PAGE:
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Oxycodone Side Effects

Oxycodone is a semi-synthetic and short-acting opioid. As a form of pain-relieving drugs, it is often prescribed by doctors to help people relieve moderate to severe pain.

The chemicals in the medication can change how our central nervous system and brain respond to pain. [1] Oxycodone is also the narcotic component of some common combination drugs, such as Percodan or Percocet.

Taking oxycodone for a long period, often more than several weeks would lead to dependence and tolerance. Addiction may occur regardless of whether you use it as directed or not. [2]

Also, there are a few withdrawal symptoms to be aware of when – whether you have been abusing oxycodone to get high or for medical purposes. In this post, we will discuss all the side-effects, consequences, and risks of taking oxycodone.

What is oxycodone used for?

Oxycodone can help alleviate both chronic and acute pain, ranging from moderate to severe. The drug is most helpful for paroxysmal pain when shooting pain bursts out spontaneously. Doctors usually prescribe oxycodone for the following cases:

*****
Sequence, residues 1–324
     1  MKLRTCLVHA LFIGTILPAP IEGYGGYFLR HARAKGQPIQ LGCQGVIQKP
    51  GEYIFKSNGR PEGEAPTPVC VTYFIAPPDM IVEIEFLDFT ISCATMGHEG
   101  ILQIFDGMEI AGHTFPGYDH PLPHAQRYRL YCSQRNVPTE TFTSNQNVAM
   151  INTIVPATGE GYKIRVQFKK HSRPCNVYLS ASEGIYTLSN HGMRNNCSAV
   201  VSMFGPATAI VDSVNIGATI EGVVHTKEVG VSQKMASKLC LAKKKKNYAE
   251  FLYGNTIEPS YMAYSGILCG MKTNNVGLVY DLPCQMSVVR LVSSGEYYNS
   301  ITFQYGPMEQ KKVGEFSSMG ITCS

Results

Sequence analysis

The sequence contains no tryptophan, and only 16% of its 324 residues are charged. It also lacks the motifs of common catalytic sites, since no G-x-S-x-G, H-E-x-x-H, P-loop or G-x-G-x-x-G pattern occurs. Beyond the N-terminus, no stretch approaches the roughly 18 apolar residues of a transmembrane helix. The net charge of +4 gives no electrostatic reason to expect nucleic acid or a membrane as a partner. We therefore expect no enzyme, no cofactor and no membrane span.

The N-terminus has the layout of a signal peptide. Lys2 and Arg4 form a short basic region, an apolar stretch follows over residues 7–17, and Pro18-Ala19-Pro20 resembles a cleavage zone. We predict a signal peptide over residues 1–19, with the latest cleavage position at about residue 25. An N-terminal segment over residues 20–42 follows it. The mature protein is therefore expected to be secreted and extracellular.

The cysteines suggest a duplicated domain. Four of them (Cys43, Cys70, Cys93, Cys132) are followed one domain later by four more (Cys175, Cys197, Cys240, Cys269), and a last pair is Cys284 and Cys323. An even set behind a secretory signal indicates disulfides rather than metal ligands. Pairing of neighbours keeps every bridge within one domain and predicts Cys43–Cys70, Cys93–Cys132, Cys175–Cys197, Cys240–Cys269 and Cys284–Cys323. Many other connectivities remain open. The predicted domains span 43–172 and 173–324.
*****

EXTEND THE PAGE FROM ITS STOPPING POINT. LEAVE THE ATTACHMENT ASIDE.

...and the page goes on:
• Cancer-related pain
  • Chronic pain
  • Allodynia
  • Steady pain
  • Paroxysmal pain

Is oxycodone addictive?

When oxycodone is taken in large doses or for an extended period, it might become habit-forming triggering physical or mental dependence.

Tolerance or addiction occurs when the medications affect chemicals and receptors in the brain and central nervous system for a long time that the body might get used to it. As a result, physical dependence may cause withdrawal symptoms once you decide to stop taking oxycodone.

In addition, there might be a risk of overuse headache caused by oxycodone usage. This means that you would develop a rebound headache or oxycodone-induced headache from too frequent consumption.

Restricting to two days each week or fewer would help this symptom. As soon as you notice serious signs, make sure to seek medical attention to prevent further complications.

Can oxycodone cause problems?

Oxycodone can be effective in reducing chronic pain. However, there are many unwanted effects that can affect your quality of life.

Taking oxycodone in a few weeks, even as directed, would increase the risk of dependence or addiction. This condition is caused when the medication affects brain receptors and changes how your body responds to pain.

Therefore, it is important to discuss with your doctor about other treatment options and needed information before taking oxycodone.

Overdosing oxycodone can even lead to life-threatening or serious breathing issues. The risks are especially high during the first 24 to 72 hours of the treatment. Careful monitoring from your doctor is important to prevent any serious complications.